In the study of language, description, or descriptive linguistics, is the work of objectively analyzing and describing how language is spoken (or how it was spoken in the past) by a group of people in a speech community. All scholarly research in linguistics is descriptive; like all other sciences, its aim is to observe the linguistic world as it is, without the bias of preconceived ideas about how it ought to be. Modern descriptive linguistics is based on a structural approach to language, as exemplified in the work of Leonard Bloomfield and others. Descriptivism is the belief that description is more significant or important to teach, study, and practice than prescription.
Linguistic description is often contrasted with linguistic prescription, which is found especially in education and in publishing. Prescription seeks to define standard language forms and give advice on effective language use, and can be thought of as a presentation of the fruits of descriptive research in a learnable form, though it also draws on more subjective aspects of language aesthetics. Prescription and description are complementary, but have different priorities and sometimes are seen to be in conflict.
Accurate description of real speech is a difficult problem, and linguists have often been reduced to approximations. Almost all linguistic theory has its origin in practical problems of descriptive linguistics. Phonology (and its theoretical developments, such as the phoneme) deals with the function and interpretation of sound in language. Syntax has developed to describe the rules concerning how words relate to each other in order to form sentences. Lexicology collects "words" and their derivations and transformations: it has not given rise to much generalized theory.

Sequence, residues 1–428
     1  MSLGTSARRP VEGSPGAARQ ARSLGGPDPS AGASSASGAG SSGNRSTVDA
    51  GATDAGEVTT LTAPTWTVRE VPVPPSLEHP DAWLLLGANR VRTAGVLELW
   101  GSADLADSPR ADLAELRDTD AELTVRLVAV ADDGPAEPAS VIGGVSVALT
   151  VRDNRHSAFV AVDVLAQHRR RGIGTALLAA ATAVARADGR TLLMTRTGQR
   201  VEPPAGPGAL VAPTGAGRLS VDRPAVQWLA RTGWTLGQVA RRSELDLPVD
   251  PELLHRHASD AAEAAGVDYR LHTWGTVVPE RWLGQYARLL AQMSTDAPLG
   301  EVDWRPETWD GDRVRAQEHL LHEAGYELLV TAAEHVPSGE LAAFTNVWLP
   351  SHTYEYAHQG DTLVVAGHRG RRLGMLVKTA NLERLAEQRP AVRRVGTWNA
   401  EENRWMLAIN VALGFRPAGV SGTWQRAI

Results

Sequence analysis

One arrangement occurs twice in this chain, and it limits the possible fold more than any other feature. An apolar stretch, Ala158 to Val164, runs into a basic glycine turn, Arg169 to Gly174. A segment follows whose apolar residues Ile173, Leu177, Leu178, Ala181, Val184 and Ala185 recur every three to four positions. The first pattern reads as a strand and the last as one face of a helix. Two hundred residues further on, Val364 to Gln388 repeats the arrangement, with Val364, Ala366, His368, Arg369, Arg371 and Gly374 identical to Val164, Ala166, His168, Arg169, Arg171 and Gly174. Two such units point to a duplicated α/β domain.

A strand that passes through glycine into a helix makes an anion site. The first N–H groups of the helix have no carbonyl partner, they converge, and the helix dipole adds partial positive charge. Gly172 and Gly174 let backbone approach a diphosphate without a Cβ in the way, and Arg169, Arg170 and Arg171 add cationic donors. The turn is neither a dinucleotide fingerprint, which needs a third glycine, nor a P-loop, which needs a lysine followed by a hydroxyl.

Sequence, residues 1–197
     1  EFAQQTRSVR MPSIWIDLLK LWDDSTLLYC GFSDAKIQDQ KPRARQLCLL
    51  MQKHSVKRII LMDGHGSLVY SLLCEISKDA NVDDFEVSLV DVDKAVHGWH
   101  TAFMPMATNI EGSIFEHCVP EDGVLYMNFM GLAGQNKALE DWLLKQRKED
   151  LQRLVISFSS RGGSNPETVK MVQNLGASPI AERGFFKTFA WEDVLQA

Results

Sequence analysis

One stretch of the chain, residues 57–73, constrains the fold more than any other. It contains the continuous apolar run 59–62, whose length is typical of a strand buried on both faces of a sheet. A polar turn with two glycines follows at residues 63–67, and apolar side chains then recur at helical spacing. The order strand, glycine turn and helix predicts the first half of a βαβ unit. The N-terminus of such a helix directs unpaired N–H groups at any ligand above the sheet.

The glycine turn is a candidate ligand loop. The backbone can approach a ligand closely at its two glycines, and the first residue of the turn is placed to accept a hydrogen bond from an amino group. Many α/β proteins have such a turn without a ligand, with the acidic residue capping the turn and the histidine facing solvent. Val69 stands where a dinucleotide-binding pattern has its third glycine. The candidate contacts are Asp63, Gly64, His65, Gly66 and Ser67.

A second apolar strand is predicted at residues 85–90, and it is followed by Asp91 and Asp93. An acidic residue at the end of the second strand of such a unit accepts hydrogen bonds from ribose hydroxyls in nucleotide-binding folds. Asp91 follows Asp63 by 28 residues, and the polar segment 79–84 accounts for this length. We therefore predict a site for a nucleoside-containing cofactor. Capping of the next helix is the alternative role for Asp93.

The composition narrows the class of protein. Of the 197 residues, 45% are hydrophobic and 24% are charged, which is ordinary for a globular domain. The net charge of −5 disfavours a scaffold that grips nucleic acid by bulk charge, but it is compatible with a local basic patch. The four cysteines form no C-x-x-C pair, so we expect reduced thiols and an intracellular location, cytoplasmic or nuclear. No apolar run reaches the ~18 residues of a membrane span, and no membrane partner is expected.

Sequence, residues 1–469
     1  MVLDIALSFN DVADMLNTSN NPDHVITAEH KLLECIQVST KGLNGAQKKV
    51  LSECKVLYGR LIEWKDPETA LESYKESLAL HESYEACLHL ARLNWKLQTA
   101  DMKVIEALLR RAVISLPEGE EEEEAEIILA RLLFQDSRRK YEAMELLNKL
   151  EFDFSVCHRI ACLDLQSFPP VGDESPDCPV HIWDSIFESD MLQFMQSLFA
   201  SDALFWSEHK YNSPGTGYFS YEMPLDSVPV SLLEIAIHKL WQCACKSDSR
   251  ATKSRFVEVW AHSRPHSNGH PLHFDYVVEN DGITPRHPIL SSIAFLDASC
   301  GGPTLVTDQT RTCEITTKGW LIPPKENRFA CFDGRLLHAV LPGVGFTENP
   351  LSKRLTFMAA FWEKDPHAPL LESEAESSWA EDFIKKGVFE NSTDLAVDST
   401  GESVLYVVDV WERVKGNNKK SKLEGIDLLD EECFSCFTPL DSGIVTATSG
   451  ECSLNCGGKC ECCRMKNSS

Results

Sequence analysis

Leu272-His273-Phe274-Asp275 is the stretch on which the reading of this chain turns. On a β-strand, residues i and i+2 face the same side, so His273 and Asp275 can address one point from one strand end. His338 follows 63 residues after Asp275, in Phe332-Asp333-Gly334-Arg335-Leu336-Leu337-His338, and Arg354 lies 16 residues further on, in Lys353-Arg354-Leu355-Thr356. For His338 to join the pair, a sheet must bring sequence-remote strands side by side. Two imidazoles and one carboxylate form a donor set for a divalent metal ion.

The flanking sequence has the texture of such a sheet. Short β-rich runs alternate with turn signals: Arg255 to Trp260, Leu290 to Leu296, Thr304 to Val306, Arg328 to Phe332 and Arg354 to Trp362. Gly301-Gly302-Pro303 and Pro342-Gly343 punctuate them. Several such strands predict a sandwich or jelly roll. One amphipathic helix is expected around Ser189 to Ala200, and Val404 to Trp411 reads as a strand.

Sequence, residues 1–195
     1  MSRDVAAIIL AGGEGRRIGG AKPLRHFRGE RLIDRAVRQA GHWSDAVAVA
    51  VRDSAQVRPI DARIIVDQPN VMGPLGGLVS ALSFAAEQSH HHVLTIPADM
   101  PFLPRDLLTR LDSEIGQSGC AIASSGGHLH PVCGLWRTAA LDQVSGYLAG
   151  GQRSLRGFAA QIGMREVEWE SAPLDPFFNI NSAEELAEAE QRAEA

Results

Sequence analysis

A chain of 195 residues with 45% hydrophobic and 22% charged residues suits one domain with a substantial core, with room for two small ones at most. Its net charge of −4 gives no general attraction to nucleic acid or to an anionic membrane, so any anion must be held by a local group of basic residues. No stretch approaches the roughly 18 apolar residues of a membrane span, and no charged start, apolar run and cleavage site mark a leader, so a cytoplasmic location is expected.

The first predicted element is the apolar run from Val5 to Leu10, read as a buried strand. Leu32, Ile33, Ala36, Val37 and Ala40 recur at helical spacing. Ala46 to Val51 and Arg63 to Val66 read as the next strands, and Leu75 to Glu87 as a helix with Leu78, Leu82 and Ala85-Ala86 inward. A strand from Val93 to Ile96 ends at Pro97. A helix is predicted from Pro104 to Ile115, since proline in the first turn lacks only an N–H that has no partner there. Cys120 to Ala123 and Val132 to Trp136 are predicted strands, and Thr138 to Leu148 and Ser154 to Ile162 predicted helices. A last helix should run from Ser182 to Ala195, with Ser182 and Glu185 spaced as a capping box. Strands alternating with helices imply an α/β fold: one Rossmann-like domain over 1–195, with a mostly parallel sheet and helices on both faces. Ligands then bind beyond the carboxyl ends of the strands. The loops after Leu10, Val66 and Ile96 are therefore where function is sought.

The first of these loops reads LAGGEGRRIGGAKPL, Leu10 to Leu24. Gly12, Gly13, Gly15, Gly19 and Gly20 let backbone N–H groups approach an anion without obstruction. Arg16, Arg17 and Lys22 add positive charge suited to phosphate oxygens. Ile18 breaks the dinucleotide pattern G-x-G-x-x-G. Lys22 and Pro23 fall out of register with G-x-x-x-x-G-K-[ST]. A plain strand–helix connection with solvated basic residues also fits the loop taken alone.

An extreme "mentalist" viewpoint denies that the linguistic description of a language can be done by anyone but a competent speaker. Such speakers have internalized something called "linguistic competence", which gives them the ability to extrapolate correctly from their experience new but correct expressions, and to reject unacceptable expressions.
There are tens of thousands of linguistic descriptions of thousands of languages that were prepared by people without adequate linguistic training.
A linguistic description is considered descriptively adequate if it achieves one or more of the following goals of descriptive linguistics:
- Antoinette Renouf, Andrew Kehoe, The Changing Face of Corpus Linguistics – 2006 – 408 pages, p. 377
- Patrick R. Bennett, Comparative Semitic Linguistics: A Manual – 1998 – 269 pages, p. 3
- William A. Haviland, PRINS, WALRATH, Harald E. L. Prins, Dana Walrath, Bunny McBride, Cultural Anthropology: The Human Challenge – HAVILAND – 2004 – 496 pages, p. 93
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